[R6RS] another glimpse into the abyss

William D Clinger will at ccs.neu.edu
Tue Mar 6 18:01:30 EST 2007

Kent wrote:

> Would you please restate this?  I'm having trouble reading this as
> anything other than self-contradictory.  Also, the first part (but not the
> second) seems to contradict statements you made in formal comment 198.

On 1 February, you wrote:

    A statically undecidable restriction would be a problem only if we were to
    *require* programs that violate the restrictions to be rejected prior to
    execution.  Simply *allowing* programs that violate the restriction to be
    rejected before execution would be sufficient to prevent people from
    considering such programs valid programs for which they can count on
    certain run-time behavior, i.e., exceptions being raised.

I pointed out that the 5.92 draft doesn't allow static
rejection for such reasons.  You said you knew that, so
I guessed that you were in favor of changing the draft to
allow it.  It seemed to me that allowing static rejection
would not be enough to discourage abuse of the exception
system unless compilers were allowed to reject programs
for fairly arbitrary potential violations.  I'm not a big
fan of that; I've been skeptical concerning some research
on semi-static typing and on verifying compilers because
it can lead to precisely that kind of arbitrariness, and
I've had some practical experience with a couple of overly
fussy Scheme compilers I'd rather not name.

Instead of waiting for you to propose what I feared might
be a grant of arbitrary discretion to compiler writers, I

    Can we add that to the agenda?  Or does someone have
    to make a formal comment first?

You replied:

    We can certainly discuss this and any related issues amongst ourselves,
    but I think a formal comment may be a better way to proceed before we make
    any substantial changes so that we can get community input and not
    surprise the community with a change that might not be popular with some.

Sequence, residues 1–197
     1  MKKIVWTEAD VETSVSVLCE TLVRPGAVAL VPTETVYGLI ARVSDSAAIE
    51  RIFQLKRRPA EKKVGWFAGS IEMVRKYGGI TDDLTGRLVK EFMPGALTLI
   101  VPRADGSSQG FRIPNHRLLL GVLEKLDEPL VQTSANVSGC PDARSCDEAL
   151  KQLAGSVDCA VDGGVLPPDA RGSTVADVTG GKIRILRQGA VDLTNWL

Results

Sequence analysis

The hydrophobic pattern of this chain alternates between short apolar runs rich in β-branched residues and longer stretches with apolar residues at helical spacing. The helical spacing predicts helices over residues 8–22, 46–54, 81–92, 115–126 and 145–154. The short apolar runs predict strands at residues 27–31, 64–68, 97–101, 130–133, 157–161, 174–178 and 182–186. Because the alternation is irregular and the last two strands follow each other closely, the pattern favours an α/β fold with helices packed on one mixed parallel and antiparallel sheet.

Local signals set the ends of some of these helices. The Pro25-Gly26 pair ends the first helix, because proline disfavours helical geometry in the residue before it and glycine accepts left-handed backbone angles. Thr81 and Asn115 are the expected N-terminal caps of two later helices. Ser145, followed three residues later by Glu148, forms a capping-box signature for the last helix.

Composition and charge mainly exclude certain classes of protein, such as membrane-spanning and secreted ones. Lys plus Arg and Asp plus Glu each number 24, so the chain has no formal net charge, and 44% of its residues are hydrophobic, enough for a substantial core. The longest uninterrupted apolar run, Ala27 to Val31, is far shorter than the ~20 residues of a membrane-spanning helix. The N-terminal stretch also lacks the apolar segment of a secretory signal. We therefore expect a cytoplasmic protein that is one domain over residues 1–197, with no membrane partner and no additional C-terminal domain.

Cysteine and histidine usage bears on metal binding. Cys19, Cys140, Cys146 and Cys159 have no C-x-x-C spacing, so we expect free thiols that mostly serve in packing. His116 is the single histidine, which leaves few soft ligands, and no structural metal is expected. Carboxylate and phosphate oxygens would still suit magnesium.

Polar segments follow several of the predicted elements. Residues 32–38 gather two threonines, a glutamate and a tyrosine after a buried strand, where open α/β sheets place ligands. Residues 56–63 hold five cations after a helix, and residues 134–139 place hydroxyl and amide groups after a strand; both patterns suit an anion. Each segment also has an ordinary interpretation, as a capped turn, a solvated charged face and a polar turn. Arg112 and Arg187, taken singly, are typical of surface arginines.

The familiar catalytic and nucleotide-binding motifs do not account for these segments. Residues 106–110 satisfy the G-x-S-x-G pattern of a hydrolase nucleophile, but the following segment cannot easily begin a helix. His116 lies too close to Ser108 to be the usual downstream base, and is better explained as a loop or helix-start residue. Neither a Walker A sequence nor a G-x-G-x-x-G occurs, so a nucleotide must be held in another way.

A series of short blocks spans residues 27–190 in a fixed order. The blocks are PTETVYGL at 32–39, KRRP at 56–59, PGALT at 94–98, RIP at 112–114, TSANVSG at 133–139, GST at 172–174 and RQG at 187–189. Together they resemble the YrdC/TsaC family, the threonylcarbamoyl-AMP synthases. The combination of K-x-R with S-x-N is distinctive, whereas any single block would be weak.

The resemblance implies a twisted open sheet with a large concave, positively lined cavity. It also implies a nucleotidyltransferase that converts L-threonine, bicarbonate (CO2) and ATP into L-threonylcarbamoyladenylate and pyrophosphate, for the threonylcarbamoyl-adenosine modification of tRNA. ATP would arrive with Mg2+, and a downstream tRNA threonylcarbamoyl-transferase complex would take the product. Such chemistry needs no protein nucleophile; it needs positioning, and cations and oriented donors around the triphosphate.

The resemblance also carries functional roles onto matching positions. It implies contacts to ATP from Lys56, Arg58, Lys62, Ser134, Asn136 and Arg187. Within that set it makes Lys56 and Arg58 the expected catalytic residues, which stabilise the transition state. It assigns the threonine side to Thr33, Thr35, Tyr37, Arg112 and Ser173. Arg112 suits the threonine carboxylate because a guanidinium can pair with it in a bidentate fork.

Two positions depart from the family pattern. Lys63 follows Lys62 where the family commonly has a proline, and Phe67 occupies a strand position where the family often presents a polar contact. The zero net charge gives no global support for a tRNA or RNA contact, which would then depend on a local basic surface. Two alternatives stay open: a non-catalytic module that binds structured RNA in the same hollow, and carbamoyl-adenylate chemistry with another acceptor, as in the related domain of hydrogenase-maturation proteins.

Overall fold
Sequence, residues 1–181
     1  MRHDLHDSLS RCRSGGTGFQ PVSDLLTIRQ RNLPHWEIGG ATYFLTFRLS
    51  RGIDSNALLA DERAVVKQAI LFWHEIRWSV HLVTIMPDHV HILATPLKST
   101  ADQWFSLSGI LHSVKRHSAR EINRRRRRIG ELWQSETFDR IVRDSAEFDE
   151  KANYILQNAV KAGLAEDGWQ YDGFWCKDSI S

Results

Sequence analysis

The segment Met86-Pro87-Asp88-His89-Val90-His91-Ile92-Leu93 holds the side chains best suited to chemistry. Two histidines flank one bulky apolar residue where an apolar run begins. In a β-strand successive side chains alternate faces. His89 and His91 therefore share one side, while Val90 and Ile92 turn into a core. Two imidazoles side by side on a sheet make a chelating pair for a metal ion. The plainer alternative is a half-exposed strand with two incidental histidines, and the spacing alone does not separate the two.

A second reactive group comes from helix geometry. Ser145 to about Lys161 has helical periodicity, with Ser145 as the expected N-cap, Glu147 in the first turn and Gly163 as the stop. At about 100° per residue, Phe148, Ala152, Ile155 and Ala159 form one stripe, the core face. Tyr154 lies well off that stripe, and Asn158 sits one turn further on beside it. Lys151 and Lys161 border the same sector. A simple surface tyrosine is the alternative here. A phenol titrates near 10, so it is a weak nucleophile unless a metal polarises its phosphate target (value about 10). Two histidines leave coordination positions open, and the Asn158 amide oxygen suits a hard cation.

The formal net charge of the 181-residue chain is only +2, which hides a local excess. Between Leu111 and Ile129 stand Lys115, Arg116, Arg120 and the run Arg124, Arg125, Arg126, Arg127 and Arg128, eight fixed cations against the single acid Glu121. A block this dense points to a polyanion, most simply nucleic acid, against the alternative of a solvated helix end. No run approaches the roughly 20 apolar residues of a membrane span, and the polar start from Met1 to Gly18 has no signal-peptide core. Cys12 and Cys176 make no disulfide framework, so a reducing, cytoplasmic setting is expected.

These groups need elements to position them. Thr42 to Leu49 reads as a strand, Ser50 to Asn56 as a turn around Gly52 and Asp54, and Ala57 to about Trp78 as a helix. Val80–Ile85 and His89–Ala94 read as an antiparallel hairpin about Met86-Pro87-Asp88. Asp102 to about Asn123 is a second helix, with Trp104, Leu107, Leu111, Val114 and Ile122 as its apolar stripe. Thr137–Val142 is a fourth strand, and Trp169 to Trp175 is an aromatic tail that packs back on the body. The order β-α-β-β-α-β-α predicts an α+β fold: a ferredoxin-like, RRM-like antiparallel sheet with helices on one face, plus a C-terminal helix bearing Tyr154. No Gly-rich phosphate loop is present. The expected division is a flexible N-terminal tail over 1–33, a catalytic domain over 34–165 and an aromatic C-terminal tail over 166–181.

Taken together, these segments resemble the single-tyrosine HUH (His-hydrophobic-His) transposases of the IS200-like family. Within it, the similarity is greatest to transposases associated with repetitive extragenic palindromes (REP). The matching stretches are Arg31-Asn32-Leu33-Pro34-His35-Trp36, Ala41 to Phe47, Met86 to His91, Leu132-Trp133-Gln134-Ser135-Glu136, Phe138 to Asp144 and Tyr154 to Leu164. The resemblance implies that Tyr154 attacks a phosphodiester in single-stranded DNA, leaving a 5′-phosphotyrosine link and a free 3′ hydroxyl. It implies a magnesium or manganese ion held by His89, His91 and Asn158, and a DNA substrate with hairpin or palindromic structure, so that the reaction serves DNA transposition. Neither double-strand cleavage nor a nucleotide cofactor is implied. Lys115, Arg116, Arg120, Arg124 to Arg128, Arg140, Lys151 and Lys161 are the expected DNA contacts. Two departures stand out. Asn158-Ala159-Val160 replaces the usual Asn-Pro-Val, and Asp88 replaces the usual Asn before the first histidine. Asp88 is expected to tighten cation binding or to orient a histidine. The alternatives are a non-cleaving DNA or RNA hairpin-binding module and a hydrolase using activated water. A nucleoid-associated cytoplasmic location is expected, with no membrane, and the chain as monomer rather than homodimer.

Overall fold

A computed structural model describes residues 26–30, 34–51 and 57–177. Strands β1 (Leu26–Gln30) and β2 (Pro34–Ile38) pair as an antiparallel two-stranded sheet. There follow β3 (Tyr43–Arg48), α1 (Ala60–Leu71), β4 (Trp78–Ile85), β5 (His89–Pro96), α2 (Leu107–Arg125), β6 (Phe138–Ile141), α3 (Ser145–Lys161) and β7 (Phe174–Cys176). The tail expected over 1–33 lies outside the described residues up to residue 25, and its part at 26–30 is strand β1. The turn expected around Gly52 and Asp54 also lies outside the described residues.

I took that to be a suggestion that I should file a
formal comment.  I couldn't very well file a formal
comment requesting the draft be changed to outlaw
something that was already illegal, so I proposed to
give compilers the least amount of discretion that
could conceivably have any beneficial effect toward
discouraging programmers from writing deliberate
violations in portable code.  It was something of a
preemptive strike; I was hoping to stir up enough
opposition to discourage you from proposing to grant
even more discretion to compiler writers.

The part of formal comment 198 that matters the most
to me is the proposal to add assertions.  I also favor
several things that came out during the discussion,
including: explicit definitions of what it means for
a program or implementation to conform to the report,
and allowing implementations to abort instead of
raising a &violation exception.  In my opinion, the
latter would be a much more effective way to discourage
programmers from writing a non-local transfer of control
as (car 0 0) than would your idea of allowing compilers
to reject such things at compile time.

OTOH, I certainly understand why compiler writers don't
like to have to generate executable code for programs
that contain obvious errors, and I tried to explain
that during the public discussion.  I should also admit
that arguments put forth during that public discussion
increased my sympathy for the idea that non-conforming
default modes are likely to be more useful than strict
conformance.  That's quite a change from my attitude of
three years ago, and it has come about in part because
of the general drift of the R6RS.


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